Knotted fields are an emerging research topic relevant to different areas of physics where topology plays a crucial role. Recent realization of knotted nematic disclinations stabilized by colloidal particles raised a challenge of free-standing knots. Here we demonstrate the creation of free-standing knotted and linked disclination loops in the cholesteric ordering fields, which are confined to spherical droplets with homeotropic surface anchoring. Our approach, using free energy minimization and topological theory, leads to the stabilization of knots via the interplay of the geometric frustration and intrinsic chirality. Selected configurations of the lowest complexity are characterized by knot or link types, disclination lengths and self-linking numbers. When cholesteric pitch becomes short on the confinement scale, the knotted structures change to practically unperturbed cholesteric structures with disclinations expelled close to the surface. The drops with knots could be controlled by optical beams and may be used for photonic elements.

  4. Untangling Knots Via Reaction-Diffusion Dynamics of Vortex Strings.

    PubMed

    Maucher, Fabian; Sutcliffe, Paul

    2016-04-29

    We introduce and illustrate a new approach to the unknotting problem via the dynamics of vortex strings in a nonlinear partial differential equation of reaction-diffusion type. To untangle a given knot, a Biot-Savart construction is used to initialize the knot as a vortex string in the FitzHugh-Nagumo equation. Remarkably, we find that the subsequent evolution preserves the topology of the knot and can untangle an unknot into a circle. Illustrative test case examples are presented, including the untangling of a hard unknot known as the culprit. Our approach to the unknotting problem has two novel features, in that it applies field theory rather than particle mechanics and uses reaction-diffusion dynamics in place of energy minimization. PMID:27176541

  5. Untangling Knots Via Reaction-Diffusion Dynamics of Vortex Strings.

    PubMed

    Maucher, Fabian; Sutcliffe, Paul

    2016-04-29

    We introduce and illustrate a new approach to the unknotting problem via the dynamics of vortex strings in a nonlinear partial differential equation of reaction-diffusion type. To untangle a given knot, a Biot-Savart construction is used to initialize the knot as a vortex string in the FitzHugh-Nagumo equation. Remarkably, we find that the subsequent evolution preserves the topology of the knot and can untangle an unknot into a circle. Illustrative test case examples are presented, including the untangling of a hard unknot known as the culprit. Our approach to the unknotting problem has two novel features, in that it applies field theory rather than particle mechanics and uses reaction-diffusion dynamics in place of energy minimization.

  6. Untangling Knots Via Reaction-Diffusion Dynamics of Vortex Strings

    NASA Astrophysics Data System (ADS)

    Maucher, Fabian; Sutcliffe, Paul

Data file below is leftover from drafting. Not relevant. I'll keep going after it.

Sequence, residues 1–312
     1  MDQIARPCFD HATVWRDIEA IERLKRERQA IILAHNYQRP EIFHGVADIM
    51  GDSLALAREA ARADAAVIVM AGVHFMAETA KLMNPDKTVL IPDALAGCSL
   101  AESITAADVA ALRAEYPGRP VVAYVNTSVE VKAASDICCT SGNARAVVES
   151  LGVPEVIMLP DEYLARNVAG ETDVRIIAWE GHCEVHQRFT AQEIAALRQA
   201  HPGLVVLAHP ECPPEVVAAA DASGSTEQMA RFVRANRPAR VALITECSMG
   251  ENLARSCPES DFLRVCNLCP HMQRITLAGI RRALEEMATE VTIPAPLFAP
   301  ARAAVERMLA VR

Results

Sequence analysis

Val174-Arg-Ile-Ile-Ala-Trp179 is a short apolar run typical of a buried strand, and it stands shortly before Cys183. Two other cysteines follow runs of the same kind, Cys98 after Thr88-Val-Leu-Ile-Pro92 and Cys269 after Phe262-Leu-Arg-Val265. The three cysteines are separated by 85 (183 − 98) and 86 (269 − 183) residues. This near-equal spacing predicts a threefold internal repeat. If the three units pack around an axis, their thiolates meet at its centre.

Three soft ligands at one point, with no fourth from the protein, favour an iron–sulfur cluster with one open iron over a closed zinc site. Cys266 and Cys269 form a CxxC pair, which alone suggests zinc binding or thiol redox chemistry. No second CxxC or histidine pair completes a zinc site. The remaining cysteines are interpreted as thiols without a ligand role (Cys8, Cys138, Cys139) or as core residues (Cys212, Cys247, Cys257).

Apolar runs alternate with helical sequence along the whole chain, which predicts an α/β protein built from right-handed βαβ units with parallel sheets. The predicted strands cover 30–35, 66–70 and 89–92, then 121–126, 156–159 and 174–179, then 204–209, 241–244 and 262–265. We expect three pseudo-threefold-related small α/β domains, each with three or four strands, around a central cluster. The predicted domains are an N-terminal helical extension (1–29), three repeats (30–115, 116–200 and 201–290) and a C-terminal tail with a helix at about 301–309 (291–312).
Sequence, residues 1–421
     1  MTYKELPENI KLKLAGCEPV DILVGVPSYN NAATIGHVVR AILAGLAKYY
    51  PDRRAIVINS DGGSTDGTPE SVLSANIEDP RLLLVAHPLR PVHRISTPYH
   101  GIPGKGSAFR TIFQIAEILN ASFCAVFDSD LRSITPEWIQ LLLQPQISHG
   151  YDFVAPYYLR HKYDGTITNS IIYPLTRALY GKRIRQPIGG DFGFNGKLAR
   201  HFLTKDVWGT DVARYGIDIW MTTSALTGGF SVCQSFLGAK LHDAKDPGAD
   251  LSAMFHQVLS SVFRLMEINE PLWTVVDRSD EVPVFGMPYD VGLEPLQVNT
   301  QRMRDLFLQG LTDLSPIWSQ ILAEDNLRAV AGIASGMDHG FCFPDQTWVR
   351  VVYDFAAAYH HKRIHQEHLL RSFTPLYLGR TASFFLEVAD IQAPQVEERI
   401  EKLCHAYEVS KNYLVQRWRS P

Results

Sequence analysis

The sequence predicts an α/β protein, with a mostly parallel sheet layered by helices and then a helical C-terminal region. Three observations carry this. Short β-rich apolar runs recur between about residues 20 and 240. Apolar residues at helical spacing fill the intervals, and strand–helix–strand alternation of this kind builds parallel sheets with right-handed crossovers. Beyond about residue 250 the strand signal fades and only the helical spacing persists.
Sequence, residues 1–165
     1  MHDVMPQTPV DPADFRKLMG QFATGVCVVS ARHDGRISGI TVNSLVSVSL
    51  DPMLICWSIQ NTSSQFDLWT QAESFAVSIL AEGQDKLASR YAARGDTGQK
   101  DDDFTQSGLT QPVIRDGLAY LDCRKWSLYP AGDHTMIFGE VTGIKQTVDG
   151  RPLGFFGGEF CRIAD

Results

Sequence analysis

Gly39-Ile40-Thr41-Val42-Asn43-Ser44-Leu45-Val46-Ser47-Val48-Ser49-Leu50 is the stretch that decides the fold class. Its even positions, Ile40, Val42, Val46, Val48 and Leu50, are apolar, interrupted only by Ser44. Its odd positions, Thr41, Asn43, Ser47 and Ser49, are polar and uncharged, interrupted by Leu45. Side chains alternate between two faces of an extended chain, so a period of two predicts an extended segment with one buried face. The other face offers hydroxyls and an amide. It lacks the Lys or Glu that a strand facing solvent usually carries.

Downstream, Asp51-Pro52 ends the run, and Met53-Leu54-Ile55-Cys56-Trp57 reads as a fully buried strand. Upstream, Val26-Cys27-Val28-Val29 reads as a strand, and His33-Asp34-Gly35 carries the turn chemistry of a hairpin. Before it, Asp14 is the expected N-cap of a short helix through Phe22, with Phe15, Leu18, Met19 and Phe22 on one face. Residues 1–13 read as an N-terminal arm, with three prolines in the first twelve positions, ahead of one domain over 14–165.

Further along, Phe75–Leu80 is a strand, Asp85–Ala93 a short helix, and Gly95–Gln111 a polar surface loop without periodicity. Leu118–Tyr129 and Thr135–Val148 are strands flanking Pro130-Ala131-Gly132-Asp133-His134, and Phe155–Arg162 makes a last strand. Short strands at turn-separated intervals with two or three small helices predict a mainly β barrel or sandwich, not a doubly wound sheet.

2016-04-01

    We introduce and illustrate a new approach to the unknotting problem via the dynamics of vortex strings in a nonlinear partial differential equation of reaction-diffusion type. To untangle a given knot, a Biot-Savart construction is used to initialize the knot as a vortex string in the FitzHugh-Nagumo equation. Remarkably, we find that the subsequent evolution preserves the topology of the knot and can untangle an unknot into a circle. Illustrative test case examples are presented, including the untangling of a hard unknot known as the culprit. Our approach to the unknotting problem has two novel features, in that it applies field theory rather than particle mechanics and uses reaction-diffusion dynamics in place of energy minimization.

  7. Classification of knotted tori in 2-metastable dimension

    SciTech Connect

    Cencelj, Matija; Repovs, Dusan; Skopenkov, Mihail B

    2012-11-30

    This paper is devoted to the classical Knotting Problem: for a given manifold N and number m describe the set of isotopy classes of embeddings N{yields}S{sup m}. We study the specific case of knotted tori, that is, the embeddings S{sup p} Multiplication-Sign S{sup q}{yields}S{sup m}. The classification of knotted tori up to isotopy in the metastable dimension range m {>=} p + 3/2q + 2, p{<=}q, was given by Haefliger, Zeeman and A. Skopenkov. We consider the dimensions below the metastable range and give an explicit criterion for the finiteness of this set of isotopy classes in the 2-metastable dimension. Bibliography: 35 titles.

  8. Differential expansion and rectangular HOMFLY for the figure eight knot

    NASA Astrophysics Data System (ADS)

    Morozov, A.

    2016-10-01

    Differential expansion (DE) for a Wilson loop average in representation R is built to respect degenerations of representations for small groups. At the same time it behaves nicely under some changes of the loop, e.g. of some knots in the case of 3d Chern-Simons theory. Especially simple is the relation between the DE for the trefoil 31 and for the figure eight knot 41. Since arbitrary colored HOMFLY for the trefoil are known from the Rosso-Jones formula, it is therefore enough to find their DE in order to make a conjecture for the figure eight. We fulfill this program for all rectangular representation R = [rs ], i.e. make a plausible conjecture for the rectangularly colored HOMFLY of the figure eight knot, which generalizes the old result for totally symmetric and antisymmetric representations.